By - January 2, 2015

Filed under: Politics As Usual

Me and My White Privilege

Before the events in Ferguson occurred most of us probably didn’t hear much about “white privilege”.  After Ferguson, those of us who lack copious amounts of melanin (white people) should feel ashamed of being white.

Hearing all the race baiters and mostly rich spoiled white college kids go on about white privilege and how all whiteys are guilty of this sin, I got to thinking about how my skin color has benefited me.

I grew up in an all white Midwestern town, so that already set up a disadvantage to being white. How did that get me ahead of my black brethren, if there were no black people for me to be place in front of?  No, my white skin didn’t help me in my town, as a matter of fact my last name didn’t help me either.

Being white in my town had no advantage, but having the right family name did and I did not have that advantage.  I was not born of parents who were doctors, teachers or bankers so I was behind the eight ball from birth.  I also did not excel at the correct sports.  I wasn’t a football or basketball star.  I was one of the fastest swimmers in my conference, but that meant nothing to anybody in my little town.  I was the son of two hard working parents, one for General Motors and the other a rural route carrier (postal worker) and the grandson of farmers.  I had no breeding.  I was a social economic mutt.

When entering into college, my skin color did not help, because affirmative action made sure that white was the less acceptable color to acceptance.  I had to get into college the old fashioned way….I had to earn it.  It was no different as far as grants or scholarships were concerned as well.  Part of that was my fault–I didn’t really care for high school or the people there, so I didn’t apply myself sufficiently enough to earn an academic scholarship and I wasn’t blessed with enough melanin to be eligible for other scholarships, so between my own lethargy and fair skin I couldn’t get any scholarships.

I did have one advantage…loving parents who believed in me and all their children.  When things got tough in college, I was inspired by the fact that my parents and grandparents believed I could be anybody I set my mind to.  I didn’t want to disappoint those who believed in me and I really wanted to prove that those who didn’t believe were idiots.  Long personal story, short: all those people now call me…doctor (Ok, my family does not call me doctor).  I am a doctor who had a lot of student loans though.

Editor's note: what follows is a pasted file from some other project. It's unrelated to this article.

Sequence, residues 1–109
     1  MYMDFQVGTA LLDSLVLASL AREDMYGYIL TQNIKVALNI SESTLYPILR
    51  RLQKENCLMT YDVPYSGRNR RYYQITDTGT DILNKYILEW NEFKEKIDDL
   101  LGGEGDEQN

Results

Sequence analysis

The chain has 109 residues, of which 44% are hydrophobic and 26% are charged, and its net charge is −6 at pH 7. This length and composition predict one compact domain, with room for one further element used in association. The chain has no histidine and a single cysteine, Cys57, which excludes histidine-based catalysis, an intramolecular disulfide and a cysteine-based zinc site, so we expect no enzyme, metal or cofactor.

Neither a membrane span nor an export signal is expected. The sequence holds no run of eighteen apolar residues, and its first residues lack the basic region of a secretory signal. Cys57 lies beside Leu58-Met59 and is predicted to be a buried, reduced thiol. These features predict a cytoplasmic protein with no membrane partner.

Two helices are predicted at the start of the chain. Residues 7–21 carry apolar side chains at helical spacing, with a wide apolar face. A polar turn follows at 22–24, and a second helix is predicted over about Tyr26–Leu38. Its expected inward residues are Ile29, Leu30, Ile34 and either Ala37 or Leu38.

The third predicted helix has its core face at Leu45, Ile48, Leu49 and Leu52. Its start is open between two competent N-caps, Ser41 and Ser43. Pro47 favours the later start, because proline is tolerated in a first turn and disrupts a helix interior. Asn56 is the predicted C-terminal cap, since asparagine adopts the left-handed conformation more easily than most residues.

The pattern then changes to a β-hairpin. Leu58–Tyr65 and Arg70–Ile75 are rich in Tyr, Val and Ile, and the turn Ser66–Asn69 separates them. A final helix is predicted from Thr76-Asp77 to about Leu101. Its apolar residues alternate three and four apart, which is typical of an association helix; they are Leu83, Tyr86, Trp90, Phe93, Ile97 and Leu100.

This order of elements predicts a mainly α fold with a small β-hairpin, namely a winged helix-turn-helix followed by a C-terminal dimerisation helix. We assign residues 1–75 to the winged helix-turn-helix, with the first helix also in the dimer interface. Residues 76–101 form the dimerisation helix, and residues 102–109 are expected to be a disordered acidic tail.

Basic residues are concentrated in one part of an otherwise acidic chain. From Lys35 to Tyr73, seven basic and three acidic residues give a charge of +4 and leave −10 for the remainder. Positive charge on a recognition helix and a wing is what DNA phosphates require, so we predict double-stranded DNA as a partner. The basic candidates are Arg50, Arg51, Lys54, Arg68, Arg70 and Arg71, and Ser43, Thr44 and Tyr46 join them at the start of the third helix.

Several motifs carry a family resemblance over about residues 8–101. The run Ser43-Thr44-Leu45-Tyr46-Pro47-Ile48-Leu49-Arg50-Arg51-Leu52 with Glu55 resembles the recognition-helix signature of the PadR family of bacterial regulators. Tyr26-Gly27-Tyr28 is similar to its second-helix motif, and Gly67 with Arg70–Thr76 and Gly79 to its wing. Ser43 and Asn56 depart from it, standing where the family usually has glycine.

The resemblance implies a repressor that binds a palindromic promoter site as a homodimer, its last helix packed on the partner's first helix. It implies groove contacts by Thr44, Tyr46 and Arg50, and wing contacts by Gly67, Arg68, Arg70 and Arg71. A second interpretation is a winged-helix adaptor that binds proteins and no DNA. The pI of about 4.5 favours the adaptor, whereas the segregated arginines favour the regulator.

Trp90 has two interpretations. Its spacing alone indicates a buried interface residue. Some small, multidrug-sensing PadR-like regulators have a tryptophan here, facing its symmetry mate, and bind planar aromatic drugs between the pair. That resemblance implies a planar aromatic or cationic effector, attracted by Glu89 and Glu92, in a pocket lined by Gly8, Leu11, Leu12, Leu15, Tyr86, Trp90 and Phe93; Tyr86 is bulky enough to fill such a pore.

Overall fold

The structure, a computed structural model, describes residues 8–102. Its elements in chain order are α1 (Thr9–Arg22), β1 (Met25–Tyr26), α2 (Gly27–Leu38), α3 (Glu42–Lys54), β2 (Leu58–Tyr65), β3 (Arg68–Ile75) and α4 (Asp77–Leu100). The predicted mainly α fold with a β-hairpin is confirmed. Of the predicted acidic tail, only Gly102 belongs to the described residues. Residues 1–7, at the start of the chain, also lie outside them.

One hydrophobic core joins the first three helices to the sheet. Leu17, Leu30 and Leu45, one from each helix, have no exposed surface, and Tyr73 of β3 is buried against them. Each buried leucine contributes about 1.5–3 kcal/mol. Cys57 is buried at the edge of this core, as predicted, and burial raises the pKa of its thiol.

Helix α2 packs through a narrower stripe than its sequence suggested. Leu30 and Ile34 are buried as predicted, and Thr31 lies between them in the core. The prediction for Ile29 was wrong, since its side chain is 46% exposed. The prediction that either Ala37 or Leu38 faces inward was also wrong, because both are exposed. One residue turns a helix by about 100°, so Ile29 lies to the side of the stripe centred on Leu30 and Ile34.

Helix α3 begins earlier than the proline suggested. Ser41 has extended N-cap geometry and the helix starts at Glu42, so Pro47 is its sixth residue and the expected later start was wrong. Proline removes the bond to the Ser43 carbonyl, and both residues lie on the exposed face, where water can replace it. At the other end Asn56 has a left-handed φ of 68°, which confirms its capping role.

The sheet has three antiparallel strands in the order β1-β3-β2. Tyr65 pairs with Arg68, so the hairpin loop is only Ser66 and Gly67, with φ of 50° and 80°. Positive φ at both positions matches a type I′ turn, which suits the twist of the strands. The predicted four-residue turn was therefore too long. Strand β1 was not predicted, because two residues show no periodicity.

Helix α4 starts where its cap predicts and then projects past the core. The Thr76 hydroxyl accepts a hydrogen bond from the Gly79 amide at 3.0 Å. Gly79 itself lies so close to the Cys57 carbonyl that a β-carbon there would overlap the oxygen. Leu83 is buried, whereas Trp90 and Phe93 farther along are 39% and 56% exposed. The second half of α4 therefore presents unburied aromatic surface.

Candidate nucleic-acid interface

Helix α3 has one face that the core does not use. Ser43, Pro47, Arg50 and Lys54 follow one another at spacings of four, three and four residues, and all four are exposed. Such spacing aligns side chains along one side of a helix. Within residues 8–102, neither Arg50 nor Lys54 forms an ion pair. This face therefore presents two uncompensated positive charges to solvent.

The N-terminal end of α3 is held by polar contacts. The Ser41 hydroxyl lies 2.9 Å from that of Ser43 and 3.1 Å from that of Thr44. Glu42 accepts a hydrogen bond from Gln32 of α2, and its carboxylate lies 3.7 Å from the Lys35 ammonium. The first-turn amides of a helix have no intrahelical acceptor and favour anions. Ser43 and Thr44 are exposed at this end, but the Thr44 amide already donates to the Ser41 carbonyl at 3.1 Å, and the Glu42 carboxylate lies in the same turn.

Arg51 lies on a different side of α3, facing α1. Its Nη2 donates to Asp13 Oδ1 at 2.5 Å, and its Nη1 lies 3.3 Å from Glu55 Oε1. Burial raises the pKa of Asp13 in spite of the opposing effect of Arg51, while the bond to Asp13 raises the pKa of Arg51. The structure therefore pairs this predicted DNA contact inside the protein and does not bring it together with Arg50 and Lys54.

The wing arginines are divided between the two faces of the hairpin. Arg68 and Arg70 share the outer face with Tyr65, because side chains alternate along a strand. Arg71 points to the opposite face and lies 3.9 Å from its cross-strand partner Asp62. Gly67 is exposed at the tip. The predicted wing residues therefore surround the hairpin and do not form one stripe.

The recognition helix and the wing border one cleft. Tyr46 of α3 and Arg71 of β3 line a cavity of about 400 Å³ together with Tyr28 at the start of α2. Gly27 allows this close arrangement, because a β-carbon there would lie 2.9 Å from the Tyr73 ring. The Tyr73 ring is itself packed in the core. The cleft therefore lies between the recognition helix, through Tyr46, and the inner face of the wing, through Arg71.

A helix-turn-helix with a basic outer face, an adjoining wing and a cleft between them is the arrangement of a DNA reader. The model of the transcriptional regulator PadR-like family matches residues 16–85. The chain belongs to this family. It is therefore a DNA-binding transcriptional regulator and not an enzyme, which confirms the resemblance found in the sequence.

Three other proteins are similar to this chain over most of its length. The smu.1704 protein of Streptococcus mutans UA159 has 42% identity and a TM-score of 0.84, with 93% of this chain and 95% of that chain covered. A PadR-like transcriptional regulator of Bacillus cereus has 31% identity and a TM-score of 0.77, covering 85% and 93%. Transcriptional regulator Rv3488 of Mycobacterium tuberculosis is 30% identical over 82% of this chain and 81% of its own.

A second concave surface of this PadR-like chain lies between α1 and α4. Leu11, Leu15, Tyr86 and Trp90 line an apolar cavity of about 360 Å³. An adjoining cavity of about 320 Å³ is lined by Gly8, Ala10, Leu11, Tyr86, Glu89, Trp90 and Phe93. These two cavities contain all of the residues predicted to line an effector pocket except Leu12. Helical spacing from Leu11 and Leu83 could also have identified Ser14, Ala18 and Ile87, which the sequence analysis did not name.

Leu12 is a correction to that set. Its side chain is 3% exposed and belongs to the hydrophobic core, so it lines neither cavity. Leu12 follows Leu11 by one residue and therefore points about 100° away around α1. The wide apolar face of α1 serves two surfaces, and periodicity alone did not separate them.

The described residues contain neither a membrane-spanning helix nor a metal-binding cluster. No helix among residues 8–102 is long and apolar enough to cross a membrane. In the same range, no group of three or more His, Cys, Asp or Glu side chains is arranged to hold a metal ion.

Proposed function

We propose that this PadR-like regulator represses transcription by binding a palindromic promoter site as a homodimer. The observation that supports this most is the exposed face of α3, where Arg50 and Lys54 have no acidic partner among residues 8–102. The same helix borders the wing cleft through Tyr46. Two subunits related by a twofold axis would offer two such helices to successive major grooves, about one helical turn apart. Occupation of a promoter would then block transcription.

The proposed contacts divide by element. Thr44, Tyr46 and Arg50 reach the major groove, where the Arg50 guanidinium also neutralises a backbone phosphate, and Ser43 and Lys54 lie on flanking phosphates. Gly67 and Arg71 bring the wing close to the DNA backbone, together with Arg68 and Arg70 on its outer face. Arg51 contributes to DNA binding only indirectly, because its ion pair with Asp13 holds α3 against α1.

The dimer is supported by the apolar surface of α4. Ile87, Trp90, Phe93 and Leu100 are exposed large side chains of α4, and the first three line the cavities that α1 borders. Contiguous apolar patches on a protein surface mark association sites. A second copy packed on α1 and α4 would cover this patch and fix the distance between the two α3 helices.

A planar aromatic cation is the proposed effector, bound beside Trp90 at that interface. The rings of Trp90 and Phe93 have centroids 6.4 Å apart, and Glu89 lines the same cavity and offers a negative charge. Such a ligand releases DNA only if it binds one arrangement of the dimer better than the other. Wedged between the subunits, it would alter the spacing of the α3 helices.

I believe there used to be plenty of “white privilege”, but that was pre-civil rights days.  There was a day when a black person was told not to even try to apply for jobs, wrong skin color, but that prejudice wasn’t exclusive to black people.  Who remembers the days when a Catholic person was told they might as well not apply for a job, especially if that Catholic person was Irish?  It was believed, when JFK ran for President that he couldn’t win because he was Catholic.   JFK won and opened up the doors for Catholics throughout the country and with the help of the republicans, JFK won civil rights for all black people.  Prejudice against both blacks and Catholics was forced into the background at the same time, yet only one of those two groups still complains about it.  Granted, prejudices didn’t go away that quickly for those in the black community, but in 2014/2015 the only thing holding the black community back, is the black community.

OMG!  What do I mean by that statement?  My advantage growing up was not my skin color, it was my family!  Having a mother and a father along with grandparents was instrumental in my development.  An intact nuclear family.  Unfortunately, single motherhood in the black community is just north of 70% with the fathers being nonexistent.  Most black fathers are no more than DNA donors.  In order to have a functioning person, especially boys that person, male or female needs a father!  All to often most black children grow up a struggling single mother household.  They grow up in a welfare supported house, without the tough loving hand of a father allowing the mother to be the soft supporting hand.  The dichotomy of parents is essential. Generations of poor black mothers have depended on an all supporting government as a substitute for a missing father.  Government is a soulless parent leading to soulless offspring, which is what they, the government needs to maintain power.

None of the above is new news.  There is no real “white” privilege.  There is privilege usually attached to money, not skin color.  The black community isn’t being held down by the white privilege boogeyman, they just don’t want to look in the mirror at the real cause for their own situation.  Ferguson is a prime example of that.  What is the answer to Ferguson?  Burn down your own community and blame everybody else for your problems.  What business would move into a community that may burn your business to the ground?  Improve your community and maybe businesses will move there, but not if they fear for their business or the life and health of their employees.  Root out the crime in your communities, by letting it be known that whoever does wrong by the law will get turned in, not by a snitch but by a concerned community and jobs and good fortune will follow.  Try it if you dare, or just continue to blame whitey for your own problems.  One will get you what whitey has the other will probably just get you an early trip to the morgue (black on black crime).

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